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Money on the Web

Discussion in 'Journalism topics only' started by prezclinton, Nov 16, 2008.

  1. prezclinton

    prezclinton Active Member

    This is probably a d_b, but I wanted to see if maybe people could pool their ideas, whether its something your shop did or how a shop you've heard of has made money off the Web or used the Web to make money on the print product.
  2. mustangj17

    mustangj17 Active Member

    Selling advertisements in photo galleries. Since they get the most traffic, we would put a photo add in one of the photo slots so people see the ad as they are sorting through the pics.
  3. PeteyPirate

    PeteyPirate Guest

    Do you have a Web cam and an intern?
  4. LazyReporter

    LazyReporter Member

    ESPN has that "Insider" deal where you have to pay for extras. A similar approach could work for newspapers. Give basic coverage on the website for free, but charge a fee for more in depth stuff. It probably won't bring in big bucks as only the hardcore news junkies are likely to pay for it, but it would be a start. It could also be a way to transition to pay sites: Make more and more of the content part of the subscription service and people might start paying if the cost is reasonable.

    Hell, the porn industry has had this science down since the beginning of the 'net and it seems to be doing OK...You can get a few pictures and a short video clip for free, but you gotta pay for full access. At least that's what I've heard. ;)
  5. prezclinton

    prezclinton Active Member

    I think the Insider won't work for small papers, and even for large ones, it would be a niche type of deal. But if you have the means to do it, it certainly couldn't hurt. You could do the same thing that ESPN does with Mag subscribers. They get the Insider for free. So could your print subscribers.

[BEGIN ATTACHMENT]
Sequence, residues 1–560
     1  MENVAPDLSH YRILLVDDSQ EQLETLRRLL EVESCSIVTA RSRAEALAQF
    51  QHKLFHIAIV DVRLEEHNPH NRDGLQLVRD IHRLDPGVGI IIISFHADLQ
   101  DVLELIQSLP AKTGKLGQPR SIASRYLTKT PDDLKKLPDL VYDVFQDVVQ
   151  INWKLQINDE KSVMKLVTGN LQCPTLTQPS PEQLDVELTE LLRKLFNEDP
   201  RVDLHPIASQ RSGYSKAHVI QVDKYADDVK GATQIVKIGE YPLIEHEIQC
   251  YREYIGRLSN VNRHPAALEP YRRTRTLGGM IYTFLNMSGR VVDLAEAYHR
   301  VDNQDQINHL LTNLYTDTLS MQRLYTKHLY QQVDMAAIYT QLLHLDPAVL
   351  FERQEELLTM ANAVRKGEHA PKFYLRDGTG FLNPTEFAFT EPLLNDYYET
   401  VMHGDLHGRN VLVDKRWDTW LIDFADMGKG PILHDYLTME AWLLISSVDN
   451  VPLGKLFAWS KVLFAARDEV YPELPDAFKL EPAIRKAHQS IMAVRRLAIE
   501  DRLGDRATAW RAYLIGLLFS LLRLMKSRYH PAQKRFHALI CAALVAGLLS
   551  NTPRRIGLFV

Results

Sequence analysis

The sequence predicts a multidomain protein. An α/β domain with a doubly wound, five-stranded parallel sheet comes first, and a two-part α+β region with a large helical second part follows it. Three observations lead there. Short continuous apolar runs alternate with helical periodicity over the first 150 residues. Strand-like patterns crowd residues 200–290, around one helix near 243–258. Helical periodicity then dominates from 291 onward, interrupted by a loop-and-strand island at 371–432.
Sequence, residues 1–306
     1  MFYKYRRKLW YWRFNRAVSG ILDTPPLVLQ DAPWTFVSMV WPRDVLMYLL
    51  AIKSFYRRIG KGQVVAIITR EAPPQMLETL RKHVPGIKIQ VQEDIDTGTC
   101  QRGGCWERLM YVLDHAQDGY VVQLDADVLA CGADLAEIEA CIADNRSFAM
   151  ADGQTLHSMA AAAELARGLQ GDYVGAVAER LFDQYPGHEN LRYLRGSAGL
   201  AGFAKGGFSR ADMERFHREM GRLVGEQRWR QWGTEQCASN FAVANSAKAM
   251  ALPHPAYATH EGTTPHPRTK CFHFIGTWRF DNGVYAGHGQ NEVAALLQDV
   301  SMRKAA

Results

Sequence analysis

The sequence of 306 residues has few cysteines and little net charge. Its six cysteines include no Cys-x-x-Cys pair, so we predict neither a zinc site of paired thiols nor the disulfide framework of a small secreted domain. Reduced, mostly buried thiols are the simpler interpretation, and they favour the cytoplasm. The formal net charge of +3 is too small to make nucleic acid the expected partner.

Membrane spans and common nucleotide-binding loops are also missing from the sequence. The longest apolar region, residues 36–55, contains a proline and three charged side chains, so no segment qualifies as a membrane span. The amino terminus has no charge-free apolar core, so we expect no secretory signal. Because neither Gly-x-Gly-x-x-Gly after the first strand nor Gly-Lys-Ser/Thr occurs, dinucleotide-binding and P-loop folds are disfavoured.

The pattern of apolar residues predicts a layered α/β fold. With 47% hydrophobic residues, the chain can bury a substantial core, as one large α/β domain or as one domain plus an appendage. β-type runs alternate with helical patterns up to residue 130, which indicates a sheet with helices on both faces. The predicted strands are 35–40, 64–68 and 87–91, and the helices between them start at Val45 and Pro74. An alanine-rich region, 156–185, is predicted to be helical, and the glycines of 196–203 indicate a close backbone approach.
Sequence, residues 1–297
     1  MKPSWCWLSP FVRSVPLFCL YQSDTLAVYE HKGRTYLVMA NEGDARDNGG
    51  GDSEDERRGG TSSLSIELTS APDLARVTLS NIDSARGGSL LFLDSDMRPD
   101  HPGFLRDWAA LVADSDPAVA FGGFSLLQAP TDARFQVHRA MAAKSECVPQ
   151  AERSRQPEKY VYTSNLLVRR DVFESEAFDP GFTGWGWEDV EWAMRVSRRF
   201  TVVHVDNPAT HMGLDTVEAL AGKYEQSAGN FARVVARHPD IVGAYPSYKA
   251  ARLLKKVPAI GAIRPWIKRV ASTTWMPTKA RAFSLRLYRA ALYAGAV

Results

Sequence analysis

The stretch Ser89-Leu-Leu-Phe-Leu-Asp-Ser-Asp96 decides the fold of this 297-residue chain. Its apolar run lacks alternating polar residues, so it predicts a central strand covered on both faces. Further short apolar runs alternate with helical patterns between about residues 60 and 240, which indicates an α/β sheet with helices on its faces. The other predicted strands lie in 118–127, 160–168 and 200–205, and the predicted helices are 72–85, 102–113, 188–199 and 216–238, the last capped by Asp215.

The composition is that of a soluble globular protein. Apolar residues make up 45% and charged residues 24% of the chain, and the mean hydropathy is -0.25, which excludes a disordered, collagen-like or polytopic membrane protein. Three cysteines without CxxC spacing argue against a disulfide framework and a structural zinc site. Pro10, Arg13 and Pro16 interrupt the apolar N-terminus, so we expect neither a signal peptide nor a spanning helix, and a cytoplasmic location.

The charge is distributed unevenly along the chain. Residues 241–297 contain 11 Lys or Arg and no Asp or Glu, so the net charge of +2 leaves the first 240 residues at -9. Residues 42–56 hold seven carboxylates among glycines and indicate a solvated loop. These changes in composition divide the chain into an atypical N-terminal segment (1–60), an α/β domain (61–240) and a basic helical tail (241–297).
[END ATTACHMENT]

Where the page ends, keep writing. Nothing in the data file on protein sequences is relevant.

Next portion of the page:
I like your idea mustang. You could do that with a podcast, too. Have a 10-second spot in the middle of it, or if it's a longer one, you could do a couple spot ads in there. And video, as FDP seems to suggest.

    I don't just want ideas for my shop. I think every single person in the industry should be thinking about this, or else they won't be in the industry long. If all the smart (and stupid) journos on this site put their heads together, I bet we can help each other.
  6. Joe Williams

    Joe Williams Well-Known Member

    Sorry, folks, but if I stumble across ads in the middle of a photo gallery or at the start or the middle of an audio or video clip, I'll either skip right by them, ignore them while busying myself with something else (if I can't skip) or stop clicking on that site's exciting gallery, audio or video "extras" altogether.

    You try to hold me captive as a viewer/visitor, I'll tell you and your site to go eff yourselves. Either give me content that makes me want to keep coming back and clicking through or just say good night. I'm too used to my DVR and zapping the commercials to go back to the '50s or '60s in terms of audience passivity re: advertising.
  7. prezclinton

    prezclinton Active Member

    It doesn't matter if you look at it. It's still there. You can't completely ignore it. Companies are still going to advertise. I skip ads, ignore popups, throw subscription cards on the ground just as much as the next guy, but advertising isn't meant to grab everyone that sees it.
  8. Freelance Hack

    Freelance Hack Active Member

    The online model is not much different than the print model -- it's still ad driven.

    With the online model, however, you have technology that can send message to specific readers based on demographic data. That can be huge.

    The only question is this: when was the last time you clicked on an online ad?
  9. prezclinton

    prezclinton Active Member

    You could say the same about a telemarketer or a door-to-door salesman or even an infomercial. You and I might not buy it, but someone will.
  10. mustangj17

    mustangj17 Active Member

    I ignore it too. Most people probably ignore it. But when the photo gallery gets 4x as many views as your circulation its a good way to sell an ad.
  11. McNuggetsMan

    McNuggetsMan Member

    If your paper is still trying to generate ad revenue based the number of people who click an ad, your paper needs to leave 1998 and jump into the 21st century. That was the biggest mistake online media made in advertising. Nobody interacts with a newspaper or TV ad yet those ads are still considered successful. Why should people be expected to interact with online ads? Page views, not ad clicks should drive revenue.
  12. Stitch

    Stitch Active Member

    It's moved to a CPM model. It will be tough for a small-town papers to make money online in that model. But those small-town papers' print product will stay around longer than the larger metro papers.
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